Conjoined Twins Who Made Headlines for 2002 Separation Surgery Turn 21: Inside Their Lives Now

·3 min read

Josie Hull and her twin sister Teresa Cajas were not expected to live past their first birthday. In July, the sisters turned 21.

"In the eyes of the world they're both deemed challenged, but they've touched so many lives," Josie's mom, Jenny Hull, tells PEOPLE in this week's exclusive story. "This birthday is such a huge milestone to celebrate."

Today, the girls' bond is stronger than ever. Of Teresa, says Josie, "I adore her. She can't walk or talk, but I can understand her and she can understand me. We communicate through our eyes."

Born joined at the head in a remote Guatemalan village in July 2001, the girls traveled to Los Angeles in August 2002, where a team of surgeons in managed to successfully separate them after a grueling 23-hour procedure that made international headlines.

"It was very risky," says Dr. Mark Urata, head of plastic and reconstructive surgery at Children's Hospital Los Angeles, who was involved in the procedure. "At the time, the success rates for similar separations were not great."

Conjoined Twins rollout
Conjoined Twins rollout

Yuri Hasegawa Josie Hull (right) and her twin sister Teresa Cajas in July.

But the twins soon faced another challenge. After returning to Guatemala, they contracted life-threatening brain infections. Teresa soon required round-the-clock care back in Los Angeles as Josie battled seizures and other medical complications.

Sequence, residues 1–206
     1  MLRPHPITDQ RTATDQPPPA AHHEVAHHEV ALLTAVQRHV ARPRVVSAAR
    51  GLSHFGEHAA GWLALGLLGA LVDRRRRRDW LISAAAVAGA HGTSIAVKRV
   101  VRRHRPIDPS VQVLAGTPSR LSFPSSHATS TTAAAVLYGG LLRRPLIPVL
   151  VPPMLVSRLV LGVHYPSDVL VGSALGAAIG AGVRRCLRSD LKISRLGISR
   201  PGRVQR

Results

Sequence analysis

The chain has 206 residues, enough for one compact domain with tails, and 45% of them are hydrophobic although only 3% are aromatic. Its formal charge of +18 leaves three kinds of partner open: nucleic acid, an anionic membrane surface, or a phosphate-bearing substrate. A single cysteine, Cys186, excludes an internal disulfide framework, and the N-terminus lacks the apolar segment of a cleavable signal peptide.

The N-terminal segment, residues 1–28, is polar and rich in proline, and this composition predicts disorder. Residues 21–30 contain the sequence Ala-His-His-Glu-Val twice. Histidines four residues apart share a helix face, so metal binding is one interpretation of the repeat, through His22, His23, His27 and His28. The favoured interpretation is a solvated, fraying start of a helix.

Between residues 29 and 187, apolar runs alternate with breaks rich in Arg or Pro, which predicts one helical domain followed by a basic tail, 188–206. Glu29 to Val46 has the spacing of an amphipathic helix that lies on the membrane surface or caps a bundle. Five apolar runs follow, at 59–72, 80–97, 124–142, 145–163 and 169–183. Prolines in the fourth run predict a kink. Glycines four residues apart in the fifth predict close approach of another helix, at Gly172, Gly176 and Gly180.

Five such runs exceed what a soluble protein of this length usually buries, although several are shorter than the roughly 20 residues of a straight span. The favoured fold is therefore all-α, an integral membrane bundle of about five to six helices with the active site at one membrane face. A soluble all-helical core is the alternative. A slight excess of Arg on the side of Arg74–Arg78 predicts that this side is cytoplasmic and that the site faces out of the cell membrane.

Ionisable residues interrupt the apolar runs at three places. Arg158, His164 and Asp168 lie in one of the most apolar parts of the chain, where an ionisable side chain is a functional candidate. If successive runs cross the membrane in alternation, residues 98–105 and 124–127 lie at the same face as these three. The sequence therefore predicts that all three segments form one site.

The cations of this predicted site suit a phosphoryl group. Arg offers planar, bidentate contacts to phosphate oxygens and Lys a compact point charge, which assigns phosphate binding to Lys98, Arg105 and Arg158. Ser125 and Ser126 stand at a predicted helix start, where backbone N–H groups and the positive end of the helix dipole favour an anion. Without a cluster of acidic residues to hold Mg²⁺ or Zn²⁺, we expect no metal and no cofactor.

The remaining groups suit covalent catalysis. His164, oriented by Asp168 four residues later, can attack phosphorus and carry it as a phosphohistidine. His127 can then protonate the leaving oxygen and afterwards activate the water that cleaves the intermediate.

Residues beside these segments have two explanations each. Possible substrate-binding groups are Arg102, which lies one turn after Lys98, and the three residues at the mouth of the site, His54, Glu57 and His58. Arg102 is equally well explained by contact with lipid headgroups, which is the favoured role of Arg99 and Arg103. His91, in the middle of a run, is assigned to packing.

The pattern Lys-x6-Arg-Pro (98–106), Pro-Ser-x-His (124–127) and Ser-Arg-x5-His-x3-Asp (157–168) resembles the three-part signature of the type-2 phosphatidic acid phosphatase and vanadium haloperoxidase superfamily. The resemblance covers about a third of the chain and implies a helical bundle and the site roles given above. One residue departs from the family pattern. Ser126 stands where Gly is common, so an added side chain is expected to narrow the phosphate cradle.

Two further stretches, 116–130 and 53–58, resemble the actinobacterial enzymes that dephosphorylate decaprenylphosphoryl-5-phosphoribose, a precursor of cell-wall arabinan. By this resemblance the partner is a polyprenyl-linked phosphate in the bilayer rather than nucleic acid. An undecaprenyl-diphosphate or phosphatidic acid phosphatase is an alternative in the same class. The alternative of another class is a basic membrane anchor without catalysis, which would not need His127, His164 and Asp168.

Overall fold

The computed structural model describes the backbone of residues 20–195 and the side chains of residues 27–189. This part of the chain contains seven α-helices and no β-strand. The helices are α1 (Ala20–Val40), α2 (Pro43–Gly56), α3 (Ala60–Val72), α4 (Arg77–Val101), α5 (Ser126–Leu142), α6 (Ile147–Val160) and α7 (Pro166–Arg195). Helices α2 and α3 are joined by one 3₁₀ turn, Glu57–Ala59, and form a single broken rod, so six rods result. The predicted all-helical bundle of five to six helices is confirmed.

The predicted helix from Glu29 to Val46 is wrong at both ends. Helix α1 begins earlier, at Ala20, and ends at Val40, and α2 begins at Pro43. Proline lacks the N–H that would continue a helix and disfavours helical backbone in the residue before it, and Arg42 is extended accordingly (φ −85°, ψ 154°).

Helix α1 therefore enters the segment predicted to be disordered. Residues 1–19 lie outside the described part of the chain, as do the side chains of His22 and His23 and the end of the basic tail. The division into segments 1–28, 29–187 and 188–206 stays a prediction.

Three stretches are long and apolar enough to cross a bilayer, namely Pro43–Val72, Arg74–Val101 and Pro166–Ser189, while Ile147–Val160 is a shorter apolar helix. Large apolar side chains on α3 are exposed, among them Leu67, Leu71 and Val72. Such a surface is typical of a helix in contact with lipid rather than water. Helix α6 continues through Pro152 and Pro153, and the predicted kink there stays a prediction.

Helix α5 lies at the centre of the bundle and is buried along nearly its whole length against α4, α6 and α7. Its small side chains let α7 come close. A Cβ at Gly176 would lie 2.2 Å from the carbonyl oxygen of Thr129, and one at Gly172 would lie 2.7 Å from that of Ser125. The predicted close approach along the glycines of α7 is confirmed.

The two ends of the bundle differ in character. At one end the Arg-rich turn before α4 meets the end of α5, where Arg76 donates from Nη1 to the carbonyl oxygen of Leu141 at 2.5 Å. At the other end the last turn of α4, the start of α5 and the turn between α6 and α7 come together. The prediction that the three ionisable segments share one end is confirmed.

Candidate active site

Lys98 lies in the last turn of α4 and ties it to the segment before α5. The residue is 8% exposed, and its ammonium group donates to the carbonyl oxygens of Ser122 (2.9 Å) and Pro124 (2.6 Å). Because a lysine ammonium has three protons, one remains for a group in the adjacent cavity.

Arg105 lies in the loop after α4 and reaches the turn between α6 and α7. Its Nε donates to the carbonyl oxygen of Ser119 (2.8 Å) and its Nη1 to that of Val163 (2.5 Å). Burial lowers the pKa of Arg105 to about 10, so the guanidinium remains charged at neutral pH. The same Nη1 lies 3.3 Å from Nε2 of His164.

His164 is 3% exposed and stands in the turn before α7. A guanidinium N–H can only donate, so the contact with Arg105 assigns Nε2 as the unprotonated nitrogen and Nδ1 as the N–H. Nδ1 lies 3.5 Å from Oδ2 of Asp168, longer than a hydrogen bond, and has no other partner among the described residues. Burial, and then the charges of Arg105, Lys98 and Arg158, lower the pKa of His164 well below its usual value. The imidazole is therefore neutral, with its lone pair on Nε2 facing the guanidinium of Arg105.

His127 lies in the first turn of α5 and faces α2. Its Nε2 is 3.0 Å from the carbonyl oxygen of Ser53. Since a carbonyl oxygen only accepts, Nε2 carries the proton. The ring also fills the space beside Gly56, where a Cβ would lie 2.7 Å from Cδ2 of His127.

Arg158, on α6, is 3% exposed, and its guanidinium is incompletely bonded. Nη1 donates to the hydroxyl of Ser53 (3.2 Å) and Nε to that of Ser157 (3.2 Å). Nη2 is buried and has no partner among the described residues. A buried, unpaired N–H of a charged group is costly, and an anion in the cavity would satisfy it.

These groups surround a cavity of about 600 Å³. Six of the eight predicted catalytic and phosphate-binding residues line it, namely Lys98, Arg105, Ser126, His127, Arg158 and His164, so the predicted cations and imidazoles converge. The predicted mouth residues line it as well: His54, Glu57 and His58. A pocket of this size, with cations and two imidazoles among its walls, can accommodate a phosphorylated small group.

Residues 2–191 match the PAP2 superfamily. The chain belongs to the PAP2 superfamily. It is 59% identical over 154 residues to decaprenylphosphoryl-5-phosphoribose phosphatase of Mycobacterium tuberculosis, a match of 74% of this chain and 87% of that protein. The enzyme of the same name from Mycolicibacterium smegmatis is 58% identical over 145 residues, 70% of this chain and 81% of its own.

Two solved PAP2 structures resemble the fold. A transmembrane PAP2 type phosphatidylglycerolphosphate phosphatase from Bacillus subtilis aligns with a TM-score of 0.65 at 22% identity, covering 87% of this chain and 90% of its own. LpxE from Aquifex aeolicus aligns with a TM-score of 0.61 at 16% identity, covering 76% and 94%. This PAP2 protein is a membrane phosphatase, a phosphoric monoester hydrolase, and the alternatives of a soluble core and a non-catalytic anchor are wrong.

With every setback, the twins' will to survive grew stronger, and their parents soon made the excruciating decision to allow their daughters' American hosts to adopt them. "We talk every Sunday," Josie says of remaining close with her birth parents. "They're really proud of both of us."

Conjoined Twins rollout
Conjoined Twins rollout

Amy Waddell/ UCLA Childrens Hospital/Getty Josie (on right) and Teresa in 2002, just months before their separation.

For much more on Teresa and Josie's amazing journey, pick up this week's issue of PEOPLE, available on newsstands Friday

Now the sisters — who both graduated high school (Teresa attended a special education program) in 2020 — are leading lives few imagined possible, including serving as the inspiration for Once Upon A Room, a nonprofit that provides personalized hospital room makeovers for children fighting serious illnesses.

Conjoined Twins rollout
Conjoined Twins rollout

Yuri Hasegawa From left: Josie, mom Jenny, Teresa's mom Florie and Teresa's brother Werner at the twins' 21st birthday party.

Looking back on their incredible journey, Josie, who lives 30 minutes away from her sister in the Los Angeles area, says she still struggles to comprehend their early ordeal. "I don't remember too much because I was so little," she says. "But I love hearing the stories from my mom — it's all pretty shocking to me."

RELATED: Formerly Conjoined Twin Gives Birth to Daughter at Hospital Where She Was Separated from Sister

Teresa's mom, Florie Cajas — along with her husband, Werner — marvels at the sisters' remarkable connection: "Josie can always get smiles out of Teresa that other people can't."

Even the physicians who have worked with the twins over the years are amazed at their grit. "None of this would have been possible without the care and love that their families have put in over all these years to maximize their potential," says Dr. Robert Kay, chief of orthopedic surgery at Children's Hospital Los Angeles.

Conjoined Twins rollout
Conjoined Twins rollout

Yuri Hasegawa Teresa (left) and Josie in July.

These days, Josie's life involves flying around the country and decorating pediatric hospital rooms with her nonprofit. "That's really important to me," says Josie, adding, "Just be happy. And just keep moving on and moving forward."